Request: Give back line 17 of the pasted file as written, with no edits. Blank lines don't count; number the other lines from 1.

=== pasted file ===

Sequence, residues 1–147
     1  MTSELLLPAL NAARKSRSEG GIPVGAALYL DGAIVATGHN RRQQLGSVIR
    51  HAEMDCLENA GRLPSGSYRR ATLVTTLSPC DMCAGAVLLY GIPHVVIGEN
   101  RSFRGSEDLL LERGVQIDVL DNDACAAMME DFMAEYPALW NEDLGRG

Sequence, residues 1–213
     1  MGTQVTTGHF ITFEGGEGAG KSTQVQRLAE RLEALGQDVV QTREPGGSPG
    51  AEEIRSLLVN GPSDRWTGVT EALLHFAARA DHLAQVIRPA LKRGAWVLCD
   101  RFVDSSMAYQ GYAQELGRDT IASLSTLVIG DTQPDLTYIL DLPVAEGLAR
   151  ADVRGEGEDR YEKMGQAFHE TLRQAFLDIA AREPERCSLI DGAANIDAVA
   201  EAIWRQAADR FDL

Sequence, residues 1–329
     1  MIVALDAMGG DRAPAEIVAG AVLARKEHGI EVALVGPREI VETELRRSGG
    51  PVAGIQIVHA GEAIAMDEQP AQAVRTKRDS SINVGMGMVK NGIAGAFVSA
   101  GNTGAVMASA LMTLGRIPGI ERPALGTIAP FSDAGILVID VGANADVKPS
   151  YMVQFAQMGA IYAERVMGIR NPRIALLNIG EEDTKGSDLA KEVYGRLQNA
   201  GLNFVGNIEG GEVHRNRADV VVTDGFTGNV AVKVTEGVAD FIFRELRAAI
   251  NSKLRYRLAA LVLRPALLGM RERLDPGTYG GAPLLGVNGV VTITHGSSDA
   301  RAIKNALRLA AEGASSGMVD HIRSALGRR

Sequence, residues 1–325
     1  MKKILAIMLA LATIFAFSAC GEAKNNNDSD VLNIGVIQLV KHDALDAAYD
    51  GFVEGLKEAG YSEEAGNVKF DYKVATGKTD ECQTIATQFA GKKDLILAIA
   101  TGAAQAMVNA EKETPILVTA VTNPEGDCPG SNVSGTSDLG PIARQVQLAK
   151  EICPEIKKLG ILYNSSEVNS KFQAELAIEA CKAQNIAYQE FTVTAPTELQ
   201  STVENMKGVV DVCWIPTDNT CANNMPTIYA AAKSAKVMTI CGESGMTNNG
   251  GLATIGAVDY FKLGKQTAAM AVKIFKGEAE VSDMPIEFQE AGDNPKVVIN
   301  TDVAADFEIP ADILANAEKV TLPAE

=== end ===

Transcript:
   251  NSKLRYRLAA LVLRPALLGM RERLDPGTYG GAPLLGVNGV VTITHGSSDA